That Gog is the Beast is theologically significant, particularly for our view of the millenium and the relation of the events of Revelation 19 to the events of Revelation 20. Although this will be discussed in more detail later, it is worthwhile to note that if, as I maintain, Gog is the Beast, then it means that the events of Revelation 20:7-10 are a recapitulation of the events of Revelation 19:17-21. The Beast is cast into the Lake of Fire in Rev. 19:20, so if Gog is the Beast then the attack against the people of God in 19:17-21 must be the same attack that is described in Revelation 20:7-10.

The language of Ezekiel 38 is most likely figuratively referring to the great mass of people from every nation under the sun, literally from "the four corners of the earth" (Rev. 20:8) who will be deceived by Satan. These are the reprobate who will be marshaled by Satan and the Beast to attack the church, "Godís people". Here we see an example of the theme of counterfeiting which recurs throughout the book of Revelation. Ezekiel 38-39 and Revelation 19-20 speak of counterfeit "church militant" assembled by Satan to attack the true church. Just as the Beast is the antichrist, so his followers compose the antichurch. In Matthew 16:18 Christ promises that "ÖI will build My church; and the gates of Hades will not overpower it", and so we see in the vain plotting of Gog in Ezekiel 38:10-11 to overcome and plunder the people of God, a false echo of the assurance of the final victory of the church. For Gog and his followers there is to be no victory, as God fighting for his people will destroy them, and they will be doomed to eternal defeat in hell.

The attack against the people of God in Ezekiel 38 and 39 has a ring of eschatological finality to it; this is a description of the final Apocalyptic battle in which God will triumph over the enemies of His people, the Church. Gog and the Confederation of Nations will "fall on the mountains of Israel"(Ezek. 39:4) and "fall on the open field" (Ezekiel 39:5) and then fire will be sent upon Magog (Ezek. 39:6). Gog and his armies will attack the people of God, seeing them as relatively defenseless against his mighty armies (Ezek. 38:11-12). But, in a scene reminiscent of Godís defense of Jerusalem when it was attacked by Sennacherib (Is. 36), God will again fight for his people and defend the holy city, and the armies of Gog will be utterly destroyed. The carnage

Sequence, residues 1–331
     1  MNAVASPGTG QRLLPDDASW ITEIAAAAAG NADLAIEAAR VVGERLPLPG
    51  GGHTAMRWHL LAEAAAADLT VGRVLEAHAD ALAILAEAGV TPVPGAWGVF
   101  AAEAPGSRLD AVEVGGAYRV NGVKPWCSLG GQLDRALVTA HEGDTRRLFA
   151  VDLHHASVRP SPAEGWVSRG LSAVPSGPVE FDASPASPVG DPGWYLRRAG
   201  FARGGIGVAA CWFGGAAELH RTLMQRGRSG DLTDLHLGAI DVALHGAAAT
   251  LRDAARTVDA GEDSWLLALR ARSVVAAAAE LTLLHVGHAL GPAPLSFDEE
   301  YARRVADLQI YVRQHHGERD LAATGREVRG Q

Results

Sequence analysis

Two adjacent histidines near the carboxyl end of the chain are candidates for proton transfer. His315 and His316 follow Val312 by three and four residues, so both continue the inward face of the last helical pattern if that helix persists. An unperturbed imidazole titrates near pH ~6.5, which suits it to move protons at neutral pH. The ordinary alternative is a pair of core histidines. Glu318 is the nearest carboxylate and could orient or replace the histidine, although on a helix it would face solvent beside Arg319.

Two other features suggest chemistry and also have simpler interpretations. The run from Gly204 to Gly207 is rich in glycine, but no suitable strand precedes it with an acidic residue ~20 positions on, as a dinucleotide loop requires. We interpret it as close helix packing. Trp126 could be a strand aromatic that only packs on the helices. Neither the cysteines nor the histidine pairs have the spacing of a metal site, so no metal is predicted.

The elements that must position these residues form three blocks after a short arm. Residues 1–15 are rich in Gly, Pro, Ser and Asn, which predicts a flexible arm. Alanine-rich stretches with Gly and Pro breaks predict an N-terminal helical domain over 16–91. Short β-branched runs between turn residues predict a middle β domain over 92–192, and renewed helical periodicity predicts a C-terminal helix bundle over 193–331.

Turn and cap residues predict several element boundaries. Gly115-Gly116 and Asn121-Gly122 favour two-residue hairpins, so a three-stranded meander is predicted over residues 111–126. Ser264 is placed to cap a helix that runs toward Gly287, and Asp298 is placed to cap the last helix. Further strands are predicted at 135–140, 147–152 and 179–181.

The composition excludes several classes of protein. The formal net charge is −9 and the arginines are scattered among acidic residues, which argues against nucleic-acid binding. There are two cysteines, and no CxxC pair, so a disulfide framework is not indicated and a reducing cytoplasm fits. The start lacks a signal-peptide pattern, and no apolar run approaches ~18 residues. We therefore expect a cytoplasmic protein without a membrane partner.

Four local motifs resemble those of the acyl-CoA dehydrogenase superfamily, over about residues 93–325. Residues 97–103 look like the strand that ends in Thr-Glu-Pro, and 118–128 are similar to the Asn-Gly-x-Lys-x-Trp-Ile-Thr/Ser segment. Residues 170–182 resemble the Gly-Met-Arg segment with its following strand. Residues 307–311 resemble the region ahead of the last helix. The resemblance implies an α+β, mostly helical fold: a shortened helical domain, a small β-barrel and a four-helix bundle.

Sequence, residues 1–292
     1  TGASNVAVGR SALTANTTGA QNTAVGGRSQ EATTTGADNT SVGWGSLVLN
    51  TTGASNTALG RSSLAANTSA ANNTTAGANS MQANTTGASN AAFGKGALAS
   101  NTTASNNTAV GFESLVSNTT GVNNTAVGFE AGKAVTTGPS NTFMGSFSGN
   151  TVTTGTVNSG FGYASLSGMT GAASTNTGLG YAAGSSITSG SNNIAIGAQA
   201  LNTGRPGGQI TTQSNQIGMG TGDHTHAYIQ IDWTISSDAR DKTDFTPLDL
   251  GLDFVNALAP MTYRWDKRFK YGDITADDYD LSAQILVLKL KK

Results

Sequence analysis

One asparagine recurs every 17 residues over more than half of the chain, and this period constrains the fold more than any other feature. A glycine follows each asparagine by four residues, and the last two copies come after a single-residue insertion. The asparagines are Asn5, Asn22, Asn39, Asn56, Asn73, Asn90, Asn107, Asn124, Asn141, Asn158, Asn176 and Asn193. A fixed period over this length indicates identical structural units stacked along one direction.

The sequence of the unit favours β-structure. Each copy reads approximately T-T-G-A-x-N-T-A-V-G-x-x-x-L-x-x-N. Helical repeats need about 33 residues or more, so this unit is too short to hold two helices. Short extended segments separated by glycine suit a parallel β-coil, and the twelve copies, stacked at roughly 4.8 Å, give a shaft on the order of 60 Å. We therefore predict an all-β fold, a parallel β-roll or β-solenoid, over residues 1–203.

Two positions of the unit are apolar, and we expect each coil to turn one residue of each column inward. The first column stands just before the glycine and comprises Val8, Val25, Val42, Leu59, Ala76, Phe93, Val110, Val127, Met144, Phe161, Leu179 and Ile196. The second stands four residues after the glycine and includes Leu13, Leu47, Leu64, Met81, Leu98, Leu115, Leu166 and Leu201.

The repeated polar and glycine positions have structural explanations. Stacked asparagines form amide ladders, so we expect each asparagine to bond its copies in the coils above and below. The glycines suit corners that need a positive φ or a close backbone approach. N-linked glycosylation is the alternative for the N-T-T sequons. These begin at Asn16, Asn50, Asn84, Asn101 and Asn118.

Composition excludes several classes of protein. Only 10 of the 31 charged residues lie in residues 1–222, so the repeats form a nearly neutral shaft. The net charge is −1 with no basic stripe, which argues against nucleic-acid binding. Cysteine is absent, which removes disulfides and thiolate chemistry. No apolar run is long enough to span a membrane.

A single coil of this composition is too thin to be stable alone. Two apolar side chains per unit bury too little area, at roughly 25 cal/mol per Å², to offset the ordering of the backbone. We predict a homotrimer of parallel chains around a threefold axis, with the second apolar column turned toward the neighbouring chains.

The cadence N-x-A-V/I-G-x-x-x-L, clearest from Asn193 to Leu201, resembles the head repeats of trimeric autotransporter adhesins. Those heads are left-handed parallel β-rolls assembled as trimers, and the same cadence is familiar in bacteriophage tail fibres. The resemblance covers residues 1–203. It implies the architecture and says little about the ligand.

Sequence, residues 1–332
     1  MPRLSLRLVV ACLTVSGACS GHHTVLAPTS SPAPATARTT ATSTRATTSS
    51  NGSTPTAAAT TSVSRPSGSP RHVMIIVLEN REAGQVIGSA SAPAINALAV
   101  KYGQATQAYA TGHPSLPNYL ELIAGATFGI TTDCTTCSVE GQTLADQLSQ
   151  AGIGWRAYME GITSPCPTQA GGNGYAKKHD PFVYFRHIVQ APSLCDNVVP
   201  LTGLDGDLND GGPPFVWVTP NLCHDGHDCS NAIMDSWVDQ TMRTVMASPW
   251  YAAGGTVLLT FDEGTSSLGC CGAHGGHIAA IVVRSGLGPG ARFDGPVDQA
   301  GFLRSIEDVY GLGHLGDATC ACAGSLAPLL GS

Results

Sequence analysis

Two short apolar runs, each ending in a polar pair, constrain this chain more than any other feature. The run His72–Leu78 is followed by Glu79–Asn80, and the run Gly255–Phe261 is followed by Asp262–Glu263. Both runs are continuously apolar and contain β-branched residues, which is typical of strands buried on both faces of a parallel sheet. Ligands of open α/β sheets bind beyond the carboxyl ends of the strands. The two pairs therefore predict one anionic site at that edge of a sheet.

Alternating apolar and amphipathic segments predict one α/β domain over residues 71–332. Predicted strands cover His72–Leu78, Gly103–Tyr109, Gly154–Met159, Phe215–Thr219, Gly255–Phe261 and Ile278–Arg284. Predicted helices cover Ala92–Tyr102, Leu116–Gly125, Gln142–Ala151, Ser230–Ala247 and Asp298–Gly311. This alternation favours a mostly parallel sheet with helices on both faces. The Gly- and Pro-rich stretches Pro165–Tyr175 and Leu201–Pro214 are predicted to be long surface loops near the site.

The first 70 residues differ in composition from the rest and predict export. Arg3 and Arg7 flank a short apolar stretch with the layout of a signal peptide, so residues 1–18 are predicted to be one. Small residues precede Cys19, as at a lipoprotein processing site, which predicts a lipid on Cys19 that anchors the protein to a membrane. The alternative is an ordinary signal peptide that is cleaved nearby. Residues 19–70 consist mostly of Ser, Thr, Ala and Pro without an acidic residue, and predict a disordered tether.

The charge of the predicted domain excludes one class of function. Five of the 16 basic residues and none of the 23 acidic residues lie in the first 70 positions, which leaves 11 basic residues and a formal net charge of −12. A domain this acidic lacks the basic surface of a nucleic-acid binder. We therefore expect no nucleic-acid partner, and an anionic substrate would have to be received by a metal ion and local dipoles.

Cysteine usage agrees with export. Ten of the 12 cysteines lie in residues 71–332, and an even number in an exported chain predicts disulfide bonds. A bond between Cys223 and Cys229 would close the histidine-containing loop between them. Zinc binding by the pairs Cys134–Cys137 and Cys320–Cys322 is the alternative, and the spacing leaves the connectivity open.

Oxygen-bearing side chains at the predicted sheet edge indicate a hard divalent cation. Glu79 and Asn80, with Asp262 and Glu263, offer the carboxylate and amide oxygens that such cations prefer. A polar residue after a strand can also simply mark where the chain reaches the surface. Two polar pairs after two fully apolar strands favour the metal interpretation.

resulting from the Lordís destruction of Gogís armies will be so great that it will take the entire house of Israel 7 months to bury the dead (Ezek. 39:12) and 7 years to burn the assorted equipment of the fallen armies (Ezek. 39:9). The double use of the number 7 in these passages also indicates the totality of the defeat.

We should note that in both Ezekiel 38-39 and Revelation 19-20, it is the Lord who himself defeats the enemies of his people. He is described as a mighty warrior who knocks the weapons out of the hands of the enemy and rains fire from heaven upon them in Ezekiel 39. In Revelation 19 Jesus, who is elsewhere described in this book as the sacrificial Lamb who was slain, is now pictured as a warrior who "judges and wages war" seated upon a white horse (Rev. 19:11). This awesome picture of Jesus as the Divine Warrior Ė "From His mouth comes a sharp sword, so that with it He may strike down the nations, and He will rule them with a rod of iron; and He treads the wine press of the fierce wrath of God, the Almighty (Rev. 19:15) Ė should be the death knell of any theology that can only accept a Christ who is a gentle and mild mystic sage. Here in the parousia we see Jesus coming as the divine Warrior and Judge of the nations. The time of grace and mercy has passed, now Jesus comes just as he promised to judge and condemn the enemies of God.